Creating an exposure
When you take a photograph, your camera is choosing three variables. Together, these variables make up the exposure, or the amount of light that is recorded by the camera.
The three variables are shutter speed, aperture, and ISO.
- Shutter speed is how long the shutter remains open – imagine you are opening a tap to fill a glass of water. If you open the tap for a long time, you get a lot of water, while if you open it only briefly, you only get a splash.
- Aperture is the size of the hole the light passes through inside your lens. A small aperture means that less light reaches the imaging sensor. A large aperture means you’ll get a lot of light.
- The final variable for exposures is ISO. This doesn’t directly affect the amount of light that goes into the camera. Instead, it sets the sensitivity of the imaging sensor.
Scenario 1: If you accidentally overexpose your photos, you will lose a lot of the detail in the highlights. You can reduce the exposure by using a faster shutter speed, a smaller aperture, or a lower ISO value.
Scenario 2: If you underexpose your photo, it’s tough to get right details from dark areas. You can increase the exposure by using a slower shutter speed, a larger aperture, or a higher ISO value.
Shutter Speed is the game of movement. What shutter speed is correct for the exposure? Any shutter speed can be “right” depending on the effect you’re aiming for – whether it is to freeze motion, imply motion, blur motion, or simply take a photo of a scene. It also depends on whether the subject or movement is moving toward or away from you, from one side to the other, or not at all.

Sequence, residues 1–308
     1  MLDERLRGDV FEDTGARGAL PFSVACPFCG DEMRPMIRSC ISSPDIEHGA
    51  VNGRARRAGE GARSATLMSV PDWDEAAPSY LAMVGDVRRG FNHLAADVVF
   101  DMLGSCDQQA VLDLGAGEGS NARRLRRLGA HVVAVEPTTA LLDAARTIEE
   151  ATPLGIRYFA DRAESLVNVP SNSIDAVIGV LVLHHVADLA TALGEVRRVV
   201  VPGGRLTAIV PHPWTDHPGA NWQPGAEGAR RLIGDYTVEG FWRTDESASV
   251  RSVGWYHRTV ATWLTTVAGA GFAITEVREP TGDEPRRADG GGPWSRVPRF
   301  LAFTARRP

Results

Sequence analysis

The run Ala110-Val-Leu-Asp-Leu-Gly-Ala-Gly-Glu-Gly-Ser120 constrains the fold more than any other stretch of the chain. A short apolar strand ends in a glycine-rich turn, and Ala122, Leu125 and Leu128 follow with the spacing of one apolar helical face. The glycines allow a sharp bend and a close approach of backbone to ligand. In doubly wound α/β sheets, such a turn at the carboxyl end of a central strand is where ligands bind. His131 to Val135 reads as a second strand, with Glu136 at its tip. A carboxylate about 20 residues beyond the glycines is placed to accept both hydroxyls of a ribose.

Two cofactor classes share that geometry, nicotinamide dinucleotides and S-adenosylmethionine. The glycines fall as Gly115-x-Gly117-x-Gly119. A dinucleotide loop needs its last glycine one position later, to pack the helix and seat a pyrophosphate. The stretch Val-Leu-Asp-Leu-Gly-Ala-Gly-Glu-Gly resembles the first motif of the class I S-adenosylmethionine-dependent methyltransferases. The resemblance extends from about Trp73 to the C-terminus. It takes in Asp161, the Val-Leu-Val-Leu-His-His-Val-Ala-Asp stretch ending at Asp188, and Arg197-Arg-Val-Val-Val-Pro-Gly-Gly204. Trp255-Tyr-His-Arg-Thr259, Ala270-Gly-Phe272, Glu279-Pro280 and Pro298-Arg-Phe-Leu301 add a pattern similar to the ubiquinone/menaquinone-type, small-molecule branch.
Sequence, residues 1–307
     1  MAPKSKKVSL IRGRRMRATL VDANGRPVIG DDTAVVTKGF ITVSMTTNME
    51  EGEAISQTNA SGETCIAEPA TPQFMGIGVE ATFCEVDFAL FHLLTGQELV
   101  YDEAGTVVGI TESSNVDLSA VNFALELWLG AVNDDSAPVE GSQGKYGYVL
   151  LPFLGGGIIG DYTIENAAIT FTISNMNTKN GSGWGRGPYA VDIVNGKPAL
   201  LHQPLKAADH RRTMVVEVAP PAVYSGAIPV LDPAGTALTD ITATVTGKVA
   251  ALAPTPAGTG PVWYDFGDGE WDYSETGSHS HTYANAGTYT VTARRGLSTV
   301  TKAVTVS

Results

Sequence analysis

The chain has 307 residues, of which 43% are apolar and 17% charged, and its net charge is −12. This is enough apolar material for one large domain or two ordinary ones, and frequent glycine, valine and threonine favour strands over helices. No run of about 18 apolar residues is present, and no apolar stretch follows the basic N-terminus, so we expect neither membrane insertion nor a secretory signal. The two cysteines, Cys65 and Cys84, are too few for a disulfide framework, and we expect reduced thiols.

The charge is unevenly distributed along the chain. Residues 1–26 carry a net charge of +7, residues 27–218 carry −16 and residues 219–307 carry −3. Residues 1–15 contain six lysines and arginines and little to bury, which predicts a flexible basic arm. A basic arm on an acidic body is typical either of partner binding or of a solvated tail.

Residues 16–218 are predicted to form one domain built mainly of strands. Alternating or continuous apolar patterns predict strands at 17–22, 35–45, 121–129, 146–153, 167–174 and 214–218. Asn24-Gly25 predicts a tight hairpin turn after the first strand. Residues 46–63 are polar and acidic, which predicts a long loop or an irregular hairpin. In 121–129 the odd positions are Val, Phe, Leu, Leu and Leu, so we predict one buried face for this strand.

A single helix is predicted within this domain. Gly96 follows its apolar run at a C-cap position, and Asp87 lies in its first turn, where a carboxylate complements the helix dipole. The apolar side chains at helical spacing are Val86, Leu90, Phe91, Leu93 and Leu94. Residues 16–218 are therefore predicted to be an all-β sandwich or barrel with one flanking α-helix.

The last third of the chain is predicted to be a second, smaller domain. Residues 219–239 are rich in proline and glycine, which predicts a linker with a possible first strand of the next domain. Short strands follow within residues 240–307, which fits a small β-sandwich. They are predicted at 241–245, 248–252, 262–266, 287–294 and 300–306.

Shutter speed is measured in seconds, or fractions of seconds. The length of available exposure depends on your camera’s settings, and can typically range anywhere from 30 seconds (really slow) to 1/8000 of a second (really fast). The amount of light let in through the shutter is directly proportionate to the amount of time the shutter is opened – so an exposure of 1/500 of a second lets in twice as much light as 1/1000 of a second, and so on.
The aperture is the variably sized hole in your camera’s lens that controls the amount of light that is allowed through it to hit the sensor. A larger aperture enables more light to hit the sensor for the duration of time the shutter is open. Aperture is an important element for getting the correct exposure, but also adds a new twist to your photographs: depth of field. Aperture is expressed in ƒ/stops (ƒ/1.8, ƒ/5.6, etc.) In order to be confusing, a smaller ƒ/stop number indicates a large aperture.
So why not let in the most light possible on every shot? The key to using aperture is to understand that different apertures will affect the shot’s depth of field – the amount of sharpness in front of and behind the plane of focus (the sharpest part of the photo).
ISO is a measurement of your camera sensor’s sensitivity to light. The higher your camera’s maximum ISO number, the more sensitive it is to light, meaning it (theoretically) should be able to perform better in low-light conditions. Every time you double the ISO number, you double the sensor’s sensitivity to light.
When you look at something that is white, or gray, or any other color, your eye sees the light and your brain interprets the colors.
When the light changes (say from daylight to interior light, for example), your eyes automatically adjust so the colors appear the same, even though they are not. Unfortunately, a camera sensor does not have the same luxury, which is why it uses white balance to ensure that each shot captures the right color temperature. Sadly, whilst your camera is pretty good at estimating white balance, it occasionally gets things wrong – so let’s take a look at how light works, and what affects white balance in your images. All light has a different color – ranging from blues and greens to reds and oranges.
Understanding the different colors of light can help you as a photographer to recognize when white-balance adjustments are needed in order to render your shot in the right color, or to adjust the color of the shot to get a better photograph.